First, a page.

What thoughts, beliefs, and emotions are you carrying with you that are preventing you from achieving better health?
If you’re tempted to think ‘nothing,’ then you might be in denial, not aware of your thoughts, or aware of them but don’t realize that they’re the first barrier that needs to come down.
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Examples of sabotaging thoughts, beliefs, and emotions:
- Diabetes, high blood pressure, etc runs in my family, and there’s nothing I can change about my genes.
- My life is too busy. I can’t find time to cook, sit down to eat, or exercise.
- I can’t control my eating because my coworkers always bring dessert to work, there’s so much food everywhere I go, the vending machine has unhealthy foods, my spouse likes to eat fried foods, etc.
- Food and agriculture politics are making America obese and sick.
- I have slow metabolism, I can’t lose weight.
- I don’t know how to cook.
- My parents never ate healthy, I never learned how to eat healthy.
- Eating healthy is boring, difficult, not delicious, expensive, etc.
- It doesn’t matter what I eat. I’m not going to get sick.
- It doesn’t matter what I eat. I’m going to get sick anyways.
- I’m not good at eating healthy. I tried it so many times and I keep failing.
If you find yourself engaging in such thoughts, beliefs, or emotions, then you’re setting yourself up for failure. Some are true (like you can’t change your genes), but others are related to how you perceive your life and the amount of control you have over it (like you’re too busy). You made yourself think of them as the truths when they don’t necessarily have to be.
Challenge yourself and question if this is the only way to think. What would it be like to think otherwise? What can you accomplish if you started to think differently?
Three beliefs and thoughts that will change your life:
1. Me Matters.
I care about me. My health is important. I’m going to put myself first, and I’m not going to feel guilty about it. If I take the time to make and eat something healthy, exercise, or rest, it doesn’t mean I’m slacking or not caring for my family. I’m going to be compassionate and respectful of myself; I’m a good person no matter what I eat or whether I work out or not.
2. I’m in control.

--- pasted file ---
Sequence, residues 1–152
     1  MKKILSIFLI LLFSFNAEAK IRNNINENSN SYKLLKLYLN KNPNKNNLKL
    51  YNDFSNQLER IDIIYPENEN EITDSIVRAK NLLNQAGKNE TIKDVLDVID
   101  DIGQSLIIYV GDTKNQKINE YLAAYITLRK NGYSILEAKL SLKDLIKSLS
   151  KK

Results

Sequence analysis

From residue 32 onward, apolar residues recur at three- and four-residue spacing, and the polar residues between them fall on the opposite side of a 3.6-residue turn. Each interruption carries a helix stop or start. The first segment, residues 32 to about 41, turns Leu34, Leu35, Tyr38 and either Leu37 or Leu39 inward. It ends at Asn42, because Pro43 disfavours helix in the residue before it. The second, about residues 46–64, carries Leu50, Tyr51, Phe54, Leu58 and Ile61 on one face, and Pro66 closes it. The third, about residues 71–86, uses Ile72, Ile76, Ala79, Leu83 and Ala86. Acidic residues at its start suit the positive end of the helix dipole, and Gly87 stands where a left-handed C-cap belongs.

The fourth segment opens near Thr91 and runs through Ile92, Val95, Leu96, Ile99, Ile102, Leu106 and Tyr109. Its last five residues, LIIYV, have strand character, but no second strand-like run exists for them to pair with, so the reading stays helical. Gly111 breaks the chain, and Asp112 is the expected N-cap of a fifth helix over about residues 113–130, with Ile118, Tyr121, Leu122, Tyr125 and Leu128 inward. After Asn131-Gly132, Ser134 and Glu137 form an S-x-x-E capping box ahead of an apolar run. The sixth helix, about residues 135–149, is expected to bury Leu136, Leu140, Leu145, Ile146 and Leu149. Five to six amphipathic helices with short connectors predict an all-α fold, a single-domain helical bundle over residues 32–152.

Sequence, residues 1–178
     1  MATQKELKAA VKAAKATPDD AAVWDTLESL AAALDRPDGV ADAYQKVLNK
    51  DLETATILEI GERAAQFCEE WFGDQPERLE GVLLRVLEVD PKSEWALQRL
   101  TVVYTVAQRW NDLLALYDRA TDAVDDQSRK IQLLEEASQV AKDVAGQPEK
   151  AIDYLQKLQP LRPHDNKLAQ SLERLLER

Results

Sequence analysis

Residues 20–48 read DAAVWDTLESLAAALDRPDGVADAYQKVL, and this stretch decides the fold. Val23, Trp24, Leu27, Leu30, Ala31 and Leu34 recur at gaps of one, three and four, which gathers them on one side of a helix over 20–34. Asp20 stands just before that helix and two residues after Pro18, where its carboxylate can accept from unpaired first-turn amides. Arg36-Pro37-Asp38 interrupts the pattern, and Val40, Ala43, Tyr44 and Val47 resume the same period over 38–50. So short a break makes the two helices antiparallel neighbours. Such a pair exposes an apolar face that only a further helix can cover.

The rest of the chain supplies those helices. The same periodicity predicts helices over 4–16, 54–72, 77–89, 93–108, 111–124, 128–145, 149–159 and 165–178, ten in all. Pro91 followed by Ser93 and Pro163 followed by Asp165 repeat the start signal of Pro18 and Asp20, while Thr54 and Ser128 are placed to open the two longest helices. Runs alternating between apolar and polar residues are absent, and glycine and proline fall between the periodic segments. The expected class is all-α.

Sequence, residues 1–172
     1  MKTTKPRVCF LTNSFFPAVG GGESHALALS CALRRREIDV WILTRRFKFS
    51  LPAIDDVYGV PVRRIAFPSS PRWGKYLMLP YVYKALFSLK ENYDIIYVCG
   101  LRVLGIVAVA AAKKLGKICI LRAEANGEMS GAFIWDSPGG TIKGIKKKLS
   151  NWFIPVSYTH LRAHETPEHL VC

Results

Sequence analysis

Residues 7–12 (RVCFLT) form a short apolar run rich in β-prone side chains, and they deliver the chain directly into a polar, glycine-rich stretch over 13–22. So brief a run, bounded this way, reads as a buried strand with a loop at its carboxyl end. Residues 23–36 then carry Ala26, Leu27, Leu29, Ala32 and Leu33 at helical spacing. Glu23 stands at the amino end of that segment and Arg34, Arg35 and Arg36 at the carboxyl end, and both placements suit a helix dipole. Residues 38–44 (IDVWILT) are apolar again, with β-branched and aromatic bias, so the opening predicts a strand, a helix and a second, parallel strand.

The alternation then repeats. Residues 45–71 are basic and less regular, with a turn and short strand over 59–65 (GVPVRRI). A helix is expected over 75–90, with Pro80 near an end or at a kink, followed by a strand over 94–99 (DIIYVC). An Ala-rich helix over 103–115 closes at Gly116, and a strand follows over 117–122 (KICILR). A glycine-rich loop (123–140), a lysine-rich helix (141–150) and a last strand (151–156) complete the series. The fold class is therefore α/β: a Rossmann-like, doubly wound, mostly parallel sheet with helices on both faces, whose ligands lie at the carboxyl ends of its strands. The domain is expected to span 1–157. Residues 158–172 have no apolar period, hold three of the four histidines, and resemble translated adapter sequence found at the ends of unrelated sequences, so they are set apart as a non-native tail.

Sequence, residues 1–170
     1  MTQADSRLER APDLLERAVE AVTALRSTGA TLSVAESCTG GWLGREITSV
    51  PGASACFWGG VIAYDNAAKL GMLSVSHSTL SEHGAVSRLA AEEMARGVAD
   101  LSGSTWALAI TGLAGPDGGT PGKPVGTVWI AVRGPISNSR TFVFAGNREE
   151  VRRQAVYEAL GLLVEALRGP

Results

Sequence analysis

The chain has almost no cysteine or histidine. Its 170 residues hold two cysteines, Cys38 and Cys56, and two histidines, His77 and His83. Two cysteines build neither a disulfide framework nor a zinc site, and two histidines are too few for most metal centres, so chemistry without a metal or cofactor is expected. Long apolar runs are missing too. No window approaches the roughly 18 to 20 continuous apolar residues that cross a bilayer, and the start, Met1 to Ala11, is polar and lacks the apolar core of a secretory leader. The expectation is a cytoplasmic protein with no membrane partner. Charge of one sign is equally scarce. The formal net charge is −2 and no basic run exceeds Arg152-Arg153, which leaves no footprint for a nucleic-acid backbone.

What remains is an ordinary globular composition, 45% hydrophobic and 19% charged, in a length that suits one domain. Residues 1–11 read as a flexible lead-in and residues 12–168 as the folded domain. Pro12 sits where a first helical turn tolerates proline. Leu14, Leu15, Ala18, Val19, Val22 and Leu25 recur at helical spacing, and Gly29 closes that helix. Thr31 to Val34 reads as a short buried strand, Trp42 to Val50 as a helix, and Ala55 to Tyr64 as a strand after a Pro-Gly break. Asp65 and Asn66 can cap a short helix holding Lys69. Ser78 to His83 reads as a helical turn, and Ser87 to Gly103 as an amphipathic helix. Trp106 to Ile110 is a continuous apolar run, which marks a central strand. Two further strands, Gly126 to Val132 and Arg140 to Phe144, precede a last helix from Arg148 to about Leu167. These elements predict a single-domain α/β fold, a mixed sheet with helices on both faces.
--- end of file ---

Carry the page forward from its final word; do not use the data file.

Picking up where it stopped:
Genes can predispose me to certain diseases, but I can change my environment. I’m going to make the best of it. The food environment is toxic, but I will stop blaming everyone because my body and my health are my own. If I can’t control the people around me, I can control my thoughts and emotions. I’ll do my best to make a difference in the world, my work environment, my home, etc, but I realize there are things I can’t change, so I’m going to stop blaming them. I’m going to take responsibility for my behaviors and thoughts. I’m strong; I can do this.
3. I can change.
I don’t have to keep doing the same things over and over because they’re easy or because that’s how I was raised. I’m going to be open minded about trying new foods and learning new skills (cooking, time management, grocery shopping, relaxation, etc). I won’t be perfect, but it’s a journey not a destination. I can make one change at a time, then celebrate my success by challenging myself even more. Change needs persistence and consistency, it doesn’t happen over night. I don’t have to flip my life upside down, one change at a time.
“I matter… I’m in control… I can change “
If you’re a dietitian, nutritionist, or health coach, what other beliefs or thoughts you encounter with your clients/patients? Do you have additional tips or words of wisdom?
For everyone else: do you feel you can relate to this article? Were you able to overcome belief and thought obstacles? Do you have additional tips or words of wisdom?